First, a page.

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East Bay SPCA Home
The East Bay SPCA saves 
     and improves the lives of cats and dogs and connects
     people and pets in our community.











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Welcome to Shelter Life at the East Bay Society for the Prevention of Cruelty to Animals.

We began as the Oakland SPCA in 1874. Today, the East Bay SPCA includes two animal shelters and three clinics in our community.

This is our day.

Wednesday, March 08, 2006


The first time I saw Tulip, she had a worried look on her face and her tail was tucked. It's not unusual for dogs to show some stress or fear when they first arrive at the shelter, which is why we give them a few days to settle in before we evaluate them for adoption.

On her second day at the shelter, Tulip was spayed. She had a slow and difficult recovery -- for several days she lay in her kennel, not eating and hardly moving. We were worried. Her trainer, RT, sat with her in her kennel, gently hand-feeding her, until Tulip finally ate. Slowly, she began to come out of her shell.

She went out for walks, and her tail came out from between her legs.

Everyone commented on how nicely she walked on leash, never pulling, always attentive to her handler. Tulip was friendly and easy-going and a joy to be around.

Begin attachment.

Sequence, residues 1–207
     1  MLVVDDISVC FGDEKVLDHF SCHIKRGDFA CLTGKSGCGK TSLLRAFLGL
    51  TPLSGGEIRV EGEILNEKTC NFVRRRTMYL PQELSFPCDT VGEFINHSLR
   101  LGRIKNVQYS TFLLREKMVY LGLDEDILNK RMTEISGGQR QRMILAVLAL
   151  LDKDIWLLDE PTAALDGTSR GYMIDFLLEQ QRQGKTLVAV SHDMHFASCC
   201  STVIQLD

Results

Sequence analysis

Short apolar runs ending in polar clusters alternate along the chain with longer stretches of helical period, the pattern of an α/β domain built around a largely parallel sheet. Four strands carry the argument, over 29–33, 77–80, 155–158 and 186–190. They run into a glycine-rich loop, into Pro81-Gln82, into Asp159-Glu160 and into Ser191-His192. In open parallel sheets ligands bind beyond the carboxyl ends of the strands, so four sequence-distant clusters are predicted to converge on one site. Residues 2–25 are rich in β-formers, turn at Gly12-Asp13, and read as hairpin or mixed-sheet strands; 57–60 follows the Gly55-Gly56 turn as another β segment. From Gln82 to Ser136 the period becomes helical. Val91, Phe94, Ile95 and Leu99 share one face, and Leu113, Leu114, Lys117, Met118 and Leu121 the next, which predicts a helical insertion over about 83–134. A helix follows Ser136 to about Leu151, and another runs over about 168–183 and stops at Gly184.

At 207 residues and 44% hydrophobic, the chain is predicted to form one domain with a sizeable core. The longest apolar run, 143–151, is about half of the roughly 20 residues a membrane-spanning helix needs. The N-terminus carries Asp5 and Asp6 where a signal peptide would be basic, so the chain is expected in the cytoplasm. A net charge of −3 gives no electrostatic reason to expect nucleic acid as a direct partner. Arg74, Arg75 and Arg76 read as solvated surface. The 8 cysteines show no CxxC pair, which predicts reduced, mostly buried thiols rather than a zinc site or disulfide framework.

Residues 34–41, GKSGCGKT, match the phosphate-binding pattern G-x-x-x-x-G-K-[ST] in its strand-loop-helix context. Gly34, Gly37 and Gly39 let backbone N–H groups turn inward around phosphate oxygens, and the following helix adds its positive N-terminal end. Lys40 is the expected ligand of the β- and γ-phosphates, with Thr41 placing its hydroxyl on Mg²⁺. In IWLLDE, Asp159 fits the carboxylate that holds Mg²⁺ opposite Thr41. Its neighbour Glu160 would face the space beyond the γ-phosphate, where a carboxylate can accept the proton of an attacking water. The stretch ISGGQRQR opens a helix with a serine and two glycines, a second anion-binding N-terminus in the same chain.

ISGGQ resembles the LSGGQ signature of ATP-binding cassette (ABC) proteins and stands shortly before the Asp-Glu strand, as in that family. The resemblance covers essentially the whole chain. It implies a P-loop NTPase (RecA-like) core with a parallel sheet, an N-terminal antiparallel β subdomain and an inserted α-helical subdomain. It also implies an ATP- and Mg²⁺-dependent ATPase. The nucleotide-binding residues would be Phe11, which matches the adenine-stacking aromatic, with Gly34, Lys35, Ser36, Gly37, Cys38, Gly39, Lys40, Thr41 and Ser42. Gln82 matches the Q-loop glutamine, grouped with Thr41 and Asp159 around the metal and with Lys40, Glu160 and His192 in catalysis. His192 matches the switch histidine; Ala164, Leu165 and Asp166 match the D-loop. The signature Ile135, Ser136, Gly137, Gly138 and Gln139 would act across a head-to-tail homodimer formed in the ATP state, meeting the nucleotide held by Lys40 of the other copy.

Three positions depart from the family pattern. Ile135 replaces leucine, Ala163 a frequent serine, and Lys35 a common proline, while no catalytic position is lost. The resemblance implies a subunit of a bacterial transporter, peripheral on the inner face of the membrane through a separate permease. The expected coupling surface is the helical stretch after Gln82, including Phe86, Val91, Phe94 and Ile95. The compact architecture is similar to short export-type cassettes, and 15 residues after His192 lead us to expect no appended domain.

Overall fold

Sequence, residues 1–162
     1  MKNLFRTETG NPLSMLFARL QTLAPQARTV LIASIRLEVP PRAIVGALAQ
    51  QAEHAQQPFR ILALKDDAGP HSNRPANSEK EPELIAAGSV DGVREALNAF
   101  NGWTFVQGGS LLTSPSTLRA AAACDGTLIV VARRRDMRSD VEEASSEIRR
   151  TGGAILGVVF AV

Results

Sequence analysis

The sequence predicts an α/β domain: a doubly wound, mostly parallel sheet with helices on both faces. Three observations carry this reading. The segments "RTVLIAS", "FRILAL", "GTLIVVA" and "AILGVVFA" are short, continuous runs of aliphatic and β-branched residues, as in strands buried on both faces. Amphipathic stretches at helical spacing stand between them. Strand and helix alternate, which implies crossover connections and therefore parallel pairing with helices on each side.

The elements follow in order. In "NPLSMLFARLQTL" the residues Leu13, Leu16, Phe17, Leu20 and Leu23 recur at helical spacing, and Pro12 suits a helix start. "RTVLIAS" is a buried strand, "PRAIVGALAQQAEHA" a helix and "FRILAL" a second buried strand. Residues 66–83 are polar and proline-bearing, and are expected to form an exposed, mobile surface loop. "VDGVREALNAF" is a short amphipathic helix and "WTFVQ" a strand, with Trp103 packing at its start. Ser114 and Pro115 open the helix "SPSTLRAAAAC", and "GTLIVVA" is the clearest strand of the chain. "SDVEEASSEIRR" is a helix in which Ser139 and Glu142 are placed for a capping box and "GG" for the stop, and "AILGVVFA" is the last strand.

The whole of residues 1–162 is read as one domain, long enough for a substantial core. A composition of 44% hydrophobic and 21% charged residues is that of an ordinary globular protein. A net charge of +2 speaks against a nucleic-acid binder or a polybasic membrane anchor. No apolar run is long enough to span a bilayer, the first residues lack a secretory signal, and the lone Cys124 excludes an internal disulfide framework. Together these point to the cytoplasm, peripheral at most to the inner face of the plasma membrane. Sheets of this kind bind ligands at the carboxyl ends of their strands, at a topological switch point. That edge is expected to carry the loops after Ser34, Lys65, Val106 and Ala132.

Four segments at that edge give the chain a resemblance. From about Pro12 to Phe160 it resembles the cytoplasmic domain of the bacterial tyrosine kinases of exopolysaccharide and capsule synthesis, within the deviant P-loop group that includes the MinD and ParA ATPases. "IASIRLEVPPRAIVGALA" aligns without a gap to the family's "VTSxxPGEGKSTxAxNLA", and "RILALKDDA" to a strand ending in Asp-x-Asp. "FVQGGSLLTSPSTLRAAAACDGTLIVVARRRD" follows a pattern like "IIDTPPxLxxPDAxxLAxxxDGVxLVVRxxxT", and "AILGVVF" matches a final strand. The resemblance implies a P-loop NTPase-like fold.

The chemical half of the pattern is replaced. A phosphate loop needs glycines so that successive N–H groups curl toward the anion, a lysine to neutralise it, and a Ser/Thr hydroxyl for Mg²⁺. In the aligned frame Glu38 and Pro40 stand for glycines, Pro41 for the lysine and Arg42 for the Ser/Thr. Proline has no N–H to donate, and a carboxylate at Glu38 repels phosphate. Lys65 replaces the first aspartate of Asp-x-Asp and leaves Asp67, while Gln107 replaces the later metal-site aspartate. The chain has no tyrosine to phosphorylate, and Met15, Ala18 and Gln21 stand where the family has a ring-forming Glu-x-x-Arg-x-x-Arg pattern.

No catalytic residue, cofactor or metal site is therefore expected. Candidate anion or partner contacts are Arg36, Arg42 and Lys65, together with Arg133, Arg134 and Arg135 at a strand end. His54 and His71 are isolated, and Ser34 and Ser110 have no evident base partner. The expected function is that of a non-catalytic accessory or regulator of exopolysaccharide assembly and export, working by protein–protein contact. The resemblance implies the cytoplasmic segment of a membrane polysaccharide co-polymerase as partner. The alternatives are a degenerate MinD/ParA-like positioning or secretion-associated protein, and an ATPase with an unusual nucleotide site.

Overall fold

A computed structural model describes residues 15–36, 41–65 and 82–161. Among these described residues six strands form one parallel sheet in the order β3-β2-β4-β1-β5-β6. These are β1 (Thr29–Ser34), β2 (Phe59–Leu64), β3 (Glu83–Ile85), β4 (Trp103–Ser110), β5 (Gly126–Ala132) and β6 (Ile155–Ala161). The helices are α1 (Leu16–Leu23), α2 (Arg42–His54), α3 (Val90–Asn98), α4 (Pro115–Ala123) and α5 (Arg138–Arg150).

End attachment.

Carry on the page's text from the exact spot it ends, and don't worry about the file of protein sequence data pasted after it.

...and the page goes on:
But there was something about the way Tulip moved that wasn't quite right. We had the vet look at her, and the news wasn't good. Tulip had two luxating patellas: her knee caps moved out of position, which made it hard for her to walk and caused her significant pain. Surgery was possible, but the recovery would be long and difficult, and even then the outcome uncertain due to her size. The chances of Tulip living a pain-free life were slim. Even if we were able to do the surgery, she was living in significant pain and would continue to until surgery was performed. After further consultation with the vet, the decision was made to euthanize her.

The last time I saw Tulip, she looked happy. She was trotting down the hall at LG's side, her head up, her eyes bright, her tail held high. I stopped to say goodbye to her, and she gave me a smile and a kiss.

This is a sad story, but I don't think it's a story of failure. Part of our mission is to improve the lives of animals, and I think we did that for Tulip, even if it was only for a few days. We gave her something to wag about, and took away her pain before it could become unbearble. I think it's important that Tulip was able to leave this world with her tail up.

Goodbye, sweet Tulip.

This story breaks my heart. Do you have a picture of Tulip?


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